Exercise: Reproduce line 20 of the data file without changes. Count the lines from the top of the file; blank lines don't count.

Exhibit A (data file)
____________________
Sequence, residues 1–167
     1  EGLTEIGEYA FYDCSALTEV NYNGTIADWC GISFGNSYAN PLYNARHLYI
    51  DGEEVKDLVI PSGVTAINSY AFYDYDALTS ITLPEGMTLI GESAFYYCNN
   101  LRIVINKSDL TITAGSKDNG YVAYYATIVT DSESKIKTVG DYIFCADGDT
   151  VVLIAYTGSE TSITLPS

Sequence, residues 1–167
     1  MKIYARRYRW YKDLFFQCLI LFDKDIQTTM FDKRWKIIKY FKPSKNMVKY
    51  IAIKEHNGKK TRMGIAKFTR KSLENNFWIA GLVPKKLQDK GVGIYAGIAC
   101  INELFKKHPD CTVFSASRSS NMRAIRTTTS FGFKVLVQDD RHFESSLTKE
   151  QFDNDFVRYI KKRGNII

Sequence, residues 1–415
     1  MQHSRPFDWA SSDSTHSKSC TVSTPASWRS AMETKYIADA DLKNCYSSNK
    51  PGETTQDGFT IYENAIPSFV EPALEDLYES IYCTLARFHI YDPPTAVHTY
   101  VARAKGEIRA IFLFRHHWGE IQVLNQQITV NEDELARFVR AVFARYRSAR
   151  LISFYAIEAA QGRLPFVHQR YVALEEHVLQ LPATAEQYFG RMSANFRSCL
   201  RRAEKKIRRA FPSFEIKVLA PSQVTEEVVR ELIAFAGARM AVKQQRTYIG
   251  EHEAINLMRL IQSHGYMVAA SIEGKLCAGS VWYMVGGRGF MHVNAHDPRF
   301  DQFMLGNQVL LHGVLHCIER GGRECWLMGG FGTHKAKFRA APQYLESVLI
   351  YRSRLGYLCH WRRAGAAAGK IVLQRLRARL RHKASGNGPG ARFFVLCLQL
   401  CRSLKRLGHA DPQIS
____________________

   401  CRSLKRLGHA DPQIS